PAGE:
BERLIN (Reuters) – The German government’s council of economic advisers said on Wednesday it expected Europe’s largest economy to contract by around 2% in the first quarter of this year due to the lockdown aimed at containing the COVID-19 pandemic.
The council reduced its forecast for gross domestic product growth for the full year of 2021 to 3.1% from 3.7% previously. He expects the economy to reach its pre-crisis level around the turn of 2021/22 and grow by 4% next year.
âThe biggest downside risk remains the development of the coronavirus pandemic. The question of how quickly the economy can return to normal depends mainly on the progress of vaccination, âthe council said in a statement, giving the first official forecasts of the impact in the first three months of the. year.
Economists have warned that a decision by Germany and several other European countries to suspend AstraZeneca’s COVID-19 vaccine could delay progress in achieving herd immunity and postpone a much-hoped-for easing of lockdown measures necessary for a solid recovery in the second quarter.
The European Union’s medicines regulator is investigating reports of blood clots, bleeding and low platelet counts and will report its findings on Thursday. AstraZeneca said a review of the safety data showed no evidence of an increased risk of clots.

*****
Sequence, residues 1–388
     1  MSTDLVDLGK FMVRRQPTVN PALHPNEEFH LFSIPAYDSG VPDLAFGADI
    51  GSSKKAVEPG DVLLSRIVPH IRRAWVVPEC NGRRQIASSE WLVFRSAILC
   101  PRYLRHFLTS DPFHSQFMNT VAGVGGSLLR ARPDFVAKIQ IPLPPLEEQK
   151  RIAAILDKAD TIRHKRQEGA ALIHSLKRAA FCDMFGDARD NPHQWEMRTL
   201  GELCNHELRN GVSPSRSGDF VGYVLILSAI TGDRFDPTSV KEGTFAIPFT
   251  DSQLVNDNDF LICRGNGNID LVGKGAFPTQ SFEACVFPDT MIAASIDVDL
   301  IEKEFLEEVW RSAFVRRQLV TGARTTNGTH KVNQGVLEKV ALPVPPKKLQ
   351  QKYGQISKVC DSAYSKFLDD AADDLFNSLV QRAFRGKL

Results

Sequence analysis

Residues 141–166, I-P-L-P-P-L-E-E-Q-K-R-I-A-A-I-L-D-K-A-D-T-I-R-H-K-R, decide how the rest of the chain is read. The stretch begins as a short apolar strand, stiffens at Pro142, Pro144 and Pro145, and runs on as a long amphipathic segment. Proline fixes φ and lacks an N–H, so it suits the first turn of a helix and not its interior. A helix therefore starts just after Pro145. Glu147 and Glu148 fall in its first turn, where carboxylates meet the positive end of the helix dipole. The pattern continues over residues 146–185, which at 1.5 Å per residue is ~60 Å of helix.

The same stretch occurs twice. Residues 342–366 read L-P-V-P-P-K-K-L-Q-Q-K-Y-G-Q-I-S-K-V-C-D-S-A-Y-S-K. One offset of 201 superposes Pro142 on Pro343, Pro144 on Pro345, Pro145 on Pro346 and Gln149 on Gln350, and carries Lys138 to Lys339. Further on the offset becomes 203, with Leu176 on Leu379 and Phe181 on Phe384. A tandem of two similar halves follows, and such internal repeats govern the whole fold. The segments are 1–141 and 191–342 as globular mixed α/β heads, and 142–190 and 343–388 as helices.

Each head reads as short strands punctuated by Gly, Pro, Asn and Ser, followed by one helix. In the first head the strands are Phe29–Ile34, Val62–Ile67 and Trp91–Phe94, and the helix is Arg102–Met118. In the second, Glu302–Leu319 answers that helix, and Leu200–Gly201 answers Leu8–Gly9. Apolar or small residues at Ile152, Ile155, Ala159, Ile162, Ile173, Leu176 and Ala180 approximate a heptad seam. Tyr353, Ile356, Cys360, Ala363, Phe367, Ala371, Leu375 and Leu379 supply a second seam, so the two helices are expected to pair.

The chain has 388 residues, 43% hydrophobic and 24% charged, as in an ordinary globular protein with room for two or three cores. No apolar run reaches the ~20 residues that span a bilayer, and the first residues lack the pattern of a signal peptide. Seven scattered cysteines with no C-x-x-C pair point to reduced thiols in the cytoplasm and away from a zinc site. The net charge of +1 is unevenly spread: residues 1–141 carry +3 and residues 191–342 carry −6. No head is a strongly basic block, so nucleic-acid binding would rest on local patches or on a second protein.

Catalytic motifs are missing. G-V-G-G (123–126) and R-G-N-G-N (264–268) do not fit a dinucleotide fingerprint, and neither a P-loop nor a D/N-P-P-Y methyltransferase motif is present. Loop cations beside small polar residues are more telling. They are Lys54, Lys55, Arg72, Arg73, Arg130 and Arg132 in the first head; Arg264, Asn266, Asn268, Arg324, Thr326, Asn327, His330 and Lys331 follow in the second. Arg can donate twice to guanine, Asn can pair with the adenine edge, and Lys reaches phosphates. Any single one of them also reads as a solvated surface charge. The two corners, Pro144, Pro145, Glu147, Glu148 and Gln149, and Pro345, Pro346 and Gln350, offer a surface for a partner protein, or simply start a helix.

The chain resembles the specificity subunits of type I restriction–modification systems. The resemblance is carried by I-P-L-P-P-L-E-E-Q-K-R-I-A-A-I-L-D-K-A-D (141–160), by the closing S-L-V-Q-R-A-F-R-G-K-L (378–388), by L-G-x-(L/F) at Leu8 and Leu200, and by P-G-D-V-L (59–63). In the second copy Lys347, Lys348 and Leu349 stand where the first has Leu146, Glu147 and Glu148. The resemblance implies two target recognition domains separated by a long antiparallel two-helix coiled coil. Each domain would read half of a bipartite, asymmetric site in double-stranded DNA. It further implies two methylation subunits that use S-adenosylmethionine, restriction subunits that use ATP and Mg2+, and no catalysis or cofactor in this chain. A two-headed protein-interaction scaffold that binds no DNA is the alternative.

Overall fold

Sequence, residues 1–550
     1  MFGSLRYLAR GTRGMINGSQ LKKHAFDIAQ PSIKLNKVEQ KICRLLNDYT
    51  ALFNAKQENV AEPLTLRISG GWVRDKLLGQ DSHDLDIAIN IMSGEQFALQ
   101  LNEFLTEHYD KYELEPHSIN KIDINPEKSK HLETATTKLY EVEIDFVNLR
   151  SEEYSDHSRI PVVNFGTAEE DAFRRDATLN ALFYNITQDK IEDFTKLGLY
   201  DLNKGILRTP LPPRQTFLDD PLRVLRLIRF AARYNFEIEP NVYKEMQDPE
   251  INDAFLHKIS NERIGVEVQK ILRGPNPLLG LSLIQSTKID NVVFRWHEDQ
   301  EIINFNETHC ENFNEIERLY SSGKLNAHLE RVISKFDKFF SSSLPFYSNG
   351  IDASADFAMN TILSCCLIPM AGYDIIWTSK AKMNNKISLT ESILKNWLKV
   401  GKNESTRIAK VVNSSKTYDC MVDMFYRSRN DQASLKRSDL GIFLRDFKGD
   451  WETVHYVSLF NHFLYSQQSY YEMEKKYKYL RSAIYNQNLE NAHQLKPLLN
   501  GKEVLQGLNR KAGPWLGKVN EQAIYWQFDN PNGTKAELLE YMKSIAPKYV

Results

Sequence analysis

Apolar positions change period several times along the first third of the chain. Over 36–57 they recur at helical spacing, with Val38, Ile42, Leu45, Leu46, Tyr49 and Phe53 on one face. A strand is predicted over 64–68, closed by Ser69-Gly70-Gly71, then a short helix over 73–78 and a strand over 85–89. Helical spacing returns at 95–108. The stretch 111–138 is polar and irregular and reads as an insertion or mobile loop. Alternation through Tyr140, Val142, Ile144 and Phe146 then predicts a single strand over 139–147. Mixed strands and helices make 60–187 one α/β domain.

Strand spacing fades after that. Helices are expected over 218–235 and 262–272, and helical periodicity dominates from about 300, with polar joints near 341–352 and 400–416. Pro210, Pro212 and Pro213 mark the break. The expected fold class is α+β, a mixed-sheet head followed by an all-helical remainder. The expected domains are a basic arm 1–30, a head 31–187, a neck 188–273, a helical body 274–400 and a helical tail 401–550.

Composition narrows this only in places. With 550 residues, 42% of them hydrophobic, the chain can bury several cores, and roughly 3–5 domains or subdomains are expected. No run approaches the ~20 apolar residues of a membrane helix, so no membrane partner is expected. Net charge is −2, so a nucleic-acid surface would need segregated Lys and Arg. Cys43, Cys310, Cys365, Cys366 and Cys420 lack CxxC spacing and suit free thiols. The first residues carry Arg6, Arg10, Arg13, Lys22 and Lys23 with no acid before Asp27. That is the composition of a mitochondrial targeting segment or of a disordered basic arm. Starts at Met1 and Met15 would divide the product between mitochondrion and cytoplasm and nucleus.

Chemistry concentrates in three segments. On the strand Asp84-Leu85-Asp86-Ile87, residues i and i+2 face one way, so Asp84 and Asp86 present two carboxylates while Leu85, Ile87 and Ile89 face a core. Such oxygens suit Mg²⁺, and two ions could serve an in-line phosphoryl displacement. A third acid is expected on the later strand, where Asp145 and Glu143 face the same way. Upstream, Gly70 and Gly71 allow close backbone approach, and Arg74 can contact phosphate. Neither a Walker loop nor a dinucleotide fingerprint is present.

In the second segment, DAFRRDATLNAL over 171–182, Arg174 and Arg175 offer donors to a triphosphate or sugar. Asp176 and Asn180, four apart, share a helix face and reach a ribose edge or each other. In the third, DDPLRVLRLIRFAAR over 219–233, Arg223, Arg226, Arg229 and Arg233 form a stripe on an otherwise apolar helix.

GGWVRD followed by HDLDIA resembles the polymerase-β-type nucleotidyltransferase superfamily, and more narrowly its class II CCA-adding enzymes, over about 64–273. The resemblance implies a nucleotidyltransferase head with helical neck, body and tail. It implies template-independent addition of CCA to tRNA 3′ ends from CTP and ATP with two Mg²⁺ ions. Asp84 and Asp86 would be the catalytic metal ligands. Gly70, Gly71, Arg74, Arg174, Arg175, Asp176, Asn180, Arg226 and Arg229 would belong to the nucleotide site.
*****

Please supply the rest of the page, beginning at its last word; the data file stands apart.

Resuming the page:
Board member Veronika Grimm said the AstraZeneca vaccine was needed to speed up Germany’s already slow vaccination campaign.
For Germany to meet the EU’s target of vaccinating 70% of the adult population by the end of September 2021, authorities must increase the number of daily vaccines given at vaccination centers by 50%, said Grimm .
To achieve this, the AstraZeneca vaccine is needed because it is easier to transport and store than injections which require unusually low temperatures throughout the distribution chain, she added.
âIn addition, family physicians and specialists should be included in the vaccination process,â said Grimm.
In the worst-case scenario where injection of AstraZeneca would be permanently banned, it could only be replaced in the government’s vaccination plan partially during the year when other vaccines such as Johnson & Johnson’s should be available, said Grimm.
Reporting by Michael Nienaber, editing by Kirsti Knolle and Alison Williams